Upon taking possession of the house, I repainted the entire interior of the house within a week. I had paint on the brain; I was either painting, eating, or dreaming about painting that entire week. Shortly afterward, we had our crumbling chimney fixed, the roof replaced, and a rotted out cellar door and stairs redone. Other numerous smaller home projects, as expected with a nearly 130-year-old home, have filled my weekends ever since we became homeowners. Although exhausting and frustrating at times, the feeling of a job well done (or at least done to the best of my ability!) has been an unexpected gift of home ownership.

 

A Workplace Visit

Around the same time, my fellow pastors and I visited the workplace of someone from our church, Reda Ibrahim, who started a general contracting construction business called RK Contractors. Reda is originally from Egypt and has a passion to help minorities, refugees, displaced persons, and people needing a second chance find their place as professionals. His business’ outstanding work in the Historic Northeast of Kansas City and across our city was recognized by the KC Chamber as one of the top ten small businesses in 2022.

Workplace visits are one of my favorite things about pastoring at Christ Community. Congregants visit my workplace every Sunday, so it’s only fair that I get a chance to see some of their workplaces during the week! As I see where our people spend the majority of their time and talk with them about the joys and challenges of their work, I can help them experience how their work matters to God. More than that, I benefit as I learn about a different industry or occupation outside of my daily experience. This visit with Reda was no different.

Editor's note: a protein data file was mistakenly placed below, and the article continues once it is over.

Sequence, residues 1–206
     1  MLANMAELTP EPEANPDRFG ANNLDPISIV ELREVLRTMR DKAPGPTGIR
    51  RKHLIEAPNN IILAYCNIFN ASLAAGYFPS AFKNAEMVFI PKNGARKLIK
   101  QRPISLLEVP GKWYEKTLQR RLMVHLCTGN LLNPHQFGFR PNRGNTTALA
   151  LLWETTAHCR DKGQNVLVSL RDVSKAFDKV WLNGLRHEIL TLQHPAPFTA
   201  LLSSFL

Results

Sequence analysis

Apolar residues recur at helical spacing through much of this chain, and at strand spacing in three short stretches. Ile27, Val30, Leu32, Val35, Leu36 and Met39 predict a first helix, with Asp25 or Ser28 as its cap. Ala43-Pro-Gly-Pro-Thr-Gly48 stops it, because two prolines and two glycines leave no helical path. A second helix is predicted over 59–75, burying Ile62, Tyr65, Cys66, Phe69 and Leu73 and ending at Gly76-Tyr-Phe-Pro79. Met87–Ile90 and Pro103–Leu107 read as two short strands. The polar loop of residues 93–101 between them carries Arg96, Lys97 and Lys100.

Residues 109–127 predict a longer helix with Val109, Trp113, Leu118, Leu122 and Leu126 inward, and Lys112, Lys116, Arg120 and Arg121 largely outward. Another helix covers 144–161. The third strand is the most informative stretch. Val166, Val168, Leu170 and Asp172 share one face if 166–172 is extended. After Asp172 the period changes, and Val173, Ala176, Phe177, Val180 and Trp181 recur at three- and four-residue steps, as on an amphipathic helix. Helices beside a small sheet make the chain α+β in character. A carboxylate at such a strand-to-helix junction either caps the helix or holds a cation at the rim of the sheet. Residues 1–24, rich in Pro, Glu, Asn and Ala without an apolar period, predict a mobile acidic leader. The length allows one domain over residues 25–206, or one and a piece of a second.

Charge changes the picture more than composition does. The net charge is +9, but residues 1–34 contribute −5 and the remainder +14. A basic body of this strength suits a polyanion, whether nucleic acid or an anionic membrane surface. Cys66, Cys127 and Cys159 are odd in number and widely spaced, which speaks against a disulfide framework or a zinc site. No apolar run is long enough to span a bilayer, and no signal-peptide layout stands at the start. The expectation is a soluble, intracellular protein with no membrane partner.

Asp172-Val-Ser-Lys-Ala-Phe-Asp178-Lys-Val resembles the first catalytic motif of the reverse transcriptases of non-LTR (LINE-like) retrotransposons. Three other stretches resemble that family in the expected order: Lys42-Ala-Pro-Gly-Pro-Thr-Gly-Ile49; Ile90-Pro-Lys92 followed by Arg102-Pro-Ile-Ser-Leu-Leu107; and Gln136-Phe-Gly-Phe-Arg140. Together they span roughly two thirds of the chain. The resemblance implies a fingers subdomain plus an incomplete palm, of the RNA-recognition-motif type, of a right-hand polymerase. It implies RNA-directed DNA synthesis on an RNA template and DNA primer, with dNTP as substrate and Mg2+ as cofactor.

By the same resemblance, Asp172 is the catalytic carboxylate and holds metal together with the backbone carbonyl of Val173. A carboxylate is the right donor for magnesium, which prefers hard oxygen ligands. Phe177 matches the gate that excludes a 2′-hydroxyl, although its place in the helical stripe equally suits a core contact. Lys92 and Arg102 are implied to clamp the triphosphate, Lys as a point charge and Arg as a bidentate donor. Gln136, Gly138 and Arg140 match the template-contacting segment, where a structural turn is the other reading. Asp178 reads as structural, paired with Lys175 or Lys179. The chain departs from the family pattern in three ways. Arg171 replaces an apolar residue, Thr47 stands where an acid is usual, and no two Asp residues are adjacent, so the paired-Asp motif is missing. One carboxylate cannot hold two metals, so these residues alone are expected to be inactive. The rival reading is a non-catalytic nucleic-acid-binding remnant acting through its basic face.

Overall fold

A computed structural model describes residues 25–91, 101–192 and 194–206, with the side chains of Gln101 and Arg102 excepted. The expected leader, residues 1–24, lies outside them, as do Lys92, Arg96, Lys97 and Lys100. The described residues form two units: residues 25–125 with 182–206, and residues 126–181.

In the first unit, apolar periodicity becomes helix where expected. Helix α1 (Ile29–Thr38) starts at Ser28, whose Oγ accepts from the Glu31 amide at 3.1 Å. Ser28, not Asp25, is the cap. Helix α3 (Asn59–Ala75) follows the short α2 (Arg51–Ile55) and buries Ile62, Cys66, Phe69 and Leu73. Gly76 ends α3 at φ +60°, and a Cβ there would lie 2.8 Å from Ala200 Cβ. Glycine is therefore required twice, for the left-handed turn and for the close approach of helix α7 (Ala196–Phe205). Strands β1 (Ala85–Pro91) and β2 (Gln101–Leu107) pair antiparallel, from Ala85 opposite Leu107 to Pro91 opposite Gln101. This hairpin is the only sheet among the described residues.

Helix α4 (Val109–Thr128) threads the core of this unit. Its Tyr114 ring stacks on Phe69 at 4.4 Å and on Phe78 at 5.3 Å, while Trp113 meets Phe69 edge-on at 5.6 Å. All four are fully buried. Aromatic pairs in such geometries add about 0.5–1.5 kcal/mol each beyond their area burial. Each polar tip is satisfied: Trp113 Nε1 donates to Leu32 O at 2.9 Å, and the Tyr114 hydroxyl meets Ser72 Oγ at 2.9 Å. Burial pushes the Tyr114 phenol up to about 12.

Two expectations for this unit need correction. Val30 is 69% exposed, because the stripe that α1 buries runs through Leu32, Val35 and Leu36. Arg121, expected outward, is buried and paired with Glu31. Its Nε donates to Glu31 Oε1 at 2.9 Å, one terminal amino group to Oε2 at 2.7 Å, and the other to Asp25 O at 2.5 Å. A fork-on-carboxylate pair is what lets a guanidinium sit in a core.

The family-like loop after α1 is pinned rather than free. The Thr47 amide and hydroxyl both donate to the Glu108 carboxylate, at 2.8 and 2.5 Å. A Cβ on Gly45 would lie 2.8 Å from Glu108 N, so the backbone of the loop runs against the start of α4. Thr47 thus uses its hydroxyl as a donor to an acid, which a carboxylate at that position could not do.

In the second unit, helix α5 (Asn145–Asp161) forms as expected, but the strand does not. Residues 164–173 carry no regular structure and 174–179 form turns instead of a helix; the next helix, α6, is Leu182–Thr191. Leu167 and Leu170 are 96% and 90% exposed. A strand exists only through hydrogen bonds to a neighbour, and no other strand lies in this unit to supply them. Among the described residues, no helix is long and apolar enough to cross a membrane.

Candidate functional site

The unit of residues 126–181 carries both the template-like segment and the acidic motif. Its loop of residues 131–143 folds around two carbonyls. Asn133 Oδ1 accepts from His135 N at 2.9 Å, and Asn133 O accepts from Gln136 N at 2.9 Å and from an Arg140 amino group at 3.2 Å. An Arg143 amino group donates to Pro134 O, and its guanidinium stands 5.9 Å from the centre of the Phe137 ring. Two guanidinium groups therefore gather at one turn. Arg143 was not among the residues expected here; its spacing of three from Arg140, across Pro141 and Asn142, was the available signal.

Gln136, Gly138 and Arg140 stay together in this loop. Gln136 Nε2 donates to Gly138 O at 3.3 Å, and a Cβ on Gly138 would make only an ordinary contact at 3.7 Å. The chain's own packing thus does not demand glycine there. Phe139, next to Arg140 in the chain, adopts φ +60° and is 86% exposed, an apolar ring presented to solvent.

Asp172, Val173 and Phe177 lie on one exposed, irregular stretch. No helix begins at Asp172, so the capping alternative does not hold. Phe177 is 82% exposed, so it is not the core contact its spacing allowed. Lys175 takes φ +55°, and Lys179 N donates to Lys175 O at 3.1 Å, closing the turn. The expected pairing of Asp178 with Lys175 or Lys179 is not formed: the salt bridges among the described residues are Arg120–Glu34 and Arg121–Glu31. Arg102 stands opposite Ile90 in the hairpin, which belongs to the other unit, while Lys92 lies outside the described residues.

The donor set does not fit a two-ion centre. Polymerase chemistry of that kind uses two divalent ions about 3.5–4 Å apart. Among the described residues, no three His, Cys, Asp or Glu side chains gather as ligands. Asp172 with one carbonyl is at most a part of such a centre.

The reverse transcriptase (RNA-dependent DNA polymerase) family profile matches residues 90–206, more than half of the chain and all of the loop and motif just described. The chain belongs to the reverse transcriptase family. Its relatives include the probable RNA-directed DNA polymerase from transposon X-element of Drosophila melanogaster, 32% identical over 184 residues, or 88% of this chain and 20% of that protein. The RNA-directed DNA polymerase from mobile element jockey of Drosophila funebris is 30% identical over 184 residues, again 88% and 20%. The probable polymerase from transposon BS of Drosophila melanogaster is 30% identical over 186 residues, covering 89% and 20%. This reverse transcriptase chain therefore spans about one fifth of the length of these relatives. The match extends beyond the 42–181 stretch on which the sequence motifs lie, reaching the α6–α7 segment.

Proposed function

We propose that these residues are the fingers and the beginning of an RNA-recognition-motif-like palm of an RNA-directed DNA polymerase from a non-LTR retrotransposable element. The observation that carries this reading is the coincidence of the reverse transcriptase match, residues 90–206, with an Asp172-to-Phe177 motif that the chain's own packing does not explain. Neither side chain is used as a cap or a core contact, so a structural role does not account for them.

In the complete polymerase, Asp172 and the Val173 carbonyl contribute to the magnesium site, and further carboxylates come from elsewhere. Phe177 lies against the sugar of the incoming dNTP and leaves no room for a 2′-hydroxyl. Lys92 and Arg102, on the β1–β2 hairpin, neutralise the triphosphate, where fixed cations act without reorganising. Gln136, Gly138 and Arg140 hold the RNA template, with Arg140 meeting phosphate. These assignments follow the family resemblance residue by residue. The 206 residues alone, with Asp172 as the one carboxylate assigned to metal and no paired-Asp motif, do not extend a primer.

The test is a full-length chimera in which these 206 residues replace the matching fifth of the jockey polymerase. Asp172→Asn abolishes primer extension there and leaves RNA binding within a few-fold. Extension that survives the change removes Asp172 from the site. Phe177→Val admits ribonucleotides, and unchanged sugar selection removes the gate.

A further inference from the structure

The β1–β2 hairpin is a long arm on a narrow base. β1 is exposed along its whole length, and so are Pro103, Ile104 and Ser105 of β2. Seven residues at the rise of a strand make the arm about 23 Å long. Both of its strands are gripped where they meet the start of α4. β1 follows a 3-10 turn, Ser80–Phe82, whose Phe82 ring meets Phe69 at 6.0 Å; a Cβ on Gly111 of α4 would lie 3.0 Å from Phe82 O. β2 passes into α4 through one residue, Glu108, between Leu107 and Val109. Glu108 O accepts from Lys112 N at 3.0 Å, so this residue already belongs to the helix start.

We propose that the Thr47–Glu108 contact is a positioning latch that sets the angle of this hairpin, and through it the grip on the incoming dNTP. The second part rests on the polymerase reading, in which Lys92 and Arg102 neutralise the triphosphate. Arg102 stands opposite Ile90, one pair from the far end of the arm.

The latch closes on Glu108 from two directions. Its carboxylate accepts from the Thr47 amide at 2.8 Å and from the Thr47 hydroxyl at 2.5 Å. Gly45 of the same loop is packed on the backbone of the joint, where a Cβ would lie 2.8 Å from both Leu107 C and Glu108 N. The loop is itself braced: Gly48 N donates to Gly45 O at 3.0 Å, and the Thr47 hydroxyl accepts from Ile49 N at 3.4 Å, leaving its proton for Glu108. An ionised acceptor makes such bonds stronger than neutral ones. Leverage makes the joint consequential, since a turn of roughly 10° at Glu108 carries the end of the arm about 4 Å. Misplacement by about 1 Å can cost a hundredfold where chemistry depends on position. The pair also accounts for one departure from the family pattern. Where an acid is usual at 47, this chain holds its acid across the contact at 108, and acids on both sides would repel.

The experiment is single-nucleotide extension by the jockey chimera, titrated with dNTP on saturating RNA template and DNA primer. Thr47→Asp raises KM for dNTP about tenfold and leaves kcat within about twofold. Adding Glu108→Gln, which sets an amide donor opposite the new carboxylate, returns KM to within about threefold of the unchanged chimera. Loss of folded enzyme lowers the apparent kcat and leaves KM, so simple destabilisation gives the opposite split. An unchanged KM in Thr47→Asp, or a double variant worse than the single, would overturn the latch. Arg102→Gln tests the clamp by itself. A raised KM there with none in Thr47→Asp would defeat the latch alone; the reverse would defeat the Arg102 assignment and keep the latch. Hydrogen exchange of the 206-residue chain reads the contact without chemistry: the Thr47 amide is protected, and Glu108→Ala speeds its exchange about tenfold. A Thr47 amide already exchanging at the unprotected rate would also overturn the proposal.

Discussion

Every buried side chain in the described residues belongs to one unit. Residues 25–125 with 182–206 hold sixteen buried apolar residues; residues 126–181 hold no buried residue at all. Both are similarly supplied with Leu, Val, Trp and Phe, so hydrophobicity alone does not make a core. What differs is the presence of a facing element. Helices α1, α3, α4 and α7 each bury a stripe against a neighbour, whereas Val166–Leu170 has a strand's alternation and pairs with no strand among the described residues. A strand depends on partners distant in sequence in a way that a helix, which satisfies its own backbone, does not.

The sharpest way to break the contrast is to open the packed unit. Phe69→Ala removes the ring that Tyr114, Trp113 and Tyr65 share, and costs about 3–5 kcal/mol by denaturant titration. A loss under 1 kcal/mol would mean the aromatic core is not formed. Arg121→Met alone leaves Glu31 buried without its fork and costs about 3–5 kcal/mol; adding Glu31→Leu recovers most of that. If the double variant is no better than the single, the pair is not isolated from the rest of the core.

The Four Chapter Story 

At Christ Community, we like to summarize the overall biblical storyline of the good news as The Four Chapter Story: Creation, Fall, Redemption, and Renewal.

Creation: How the world once was and ought to be.

Fall: How the world is broken and needs redemption.

Redemption: How what’s broken can be fixed through Jesus’ life, death, and resurrection.

Renewal: How the world will be when Jesus returns and completes our redemption.

The four words ought, is, can, will are a great way to remember this story and communicate it to others in a natural way.

Each time pastors visit someone’s workplace, we love to talk through their work using the lens of the Four Chapter Story. We talk about what their work ought to be like, what it is like because of sin and brokenness, how Jesus can redeem their work, and what their work will one day look like when Jesus makes everything right.